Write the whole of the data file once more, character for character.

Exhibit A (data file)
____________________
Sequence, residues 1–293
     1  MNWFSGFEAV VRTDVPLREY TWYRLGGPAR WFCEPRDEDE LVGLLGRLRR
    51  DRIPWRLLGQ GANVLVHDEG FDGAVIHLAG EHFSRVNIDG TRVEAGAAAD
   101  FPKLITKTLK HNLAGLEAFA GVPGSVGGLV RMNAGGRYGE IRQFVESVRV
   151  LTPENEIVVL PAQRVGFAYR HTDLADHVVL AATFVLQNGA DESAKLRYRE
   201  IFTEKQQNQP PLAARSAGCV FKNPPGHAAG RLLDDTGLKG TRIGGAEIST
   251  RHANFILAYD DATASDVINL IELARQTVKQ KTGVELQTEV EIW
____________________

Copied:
Sequence, residues 1–293
     1  MNWFSGFEAV VRTDVPLREY TWYRLGGPAR WFCEPRDEDE LVGLLGRLRR
    51  DRIPWRLLGQ GANVLVHDEG FDGAVIHLAG EHFSRVNIDG TRVEAGAAAD
   101  FPKLITKTLK HNLAGLEAFA GVPGSVGGLV RMNAGGRYGE IRQFVESVRV
   151  LTPENEIVVL PAQRVGFAYR HTDLADHVVL AATFVLQNGA DESAKLRYRE
   201  IFTEKQQNQP PLAARSAGCV FKNPPGHAAG RLLDDTGLKG TRIGGAEIST
   251  RHANFILAYD DATASDVINL IELARQTVKQ KTGVELQTEV EIW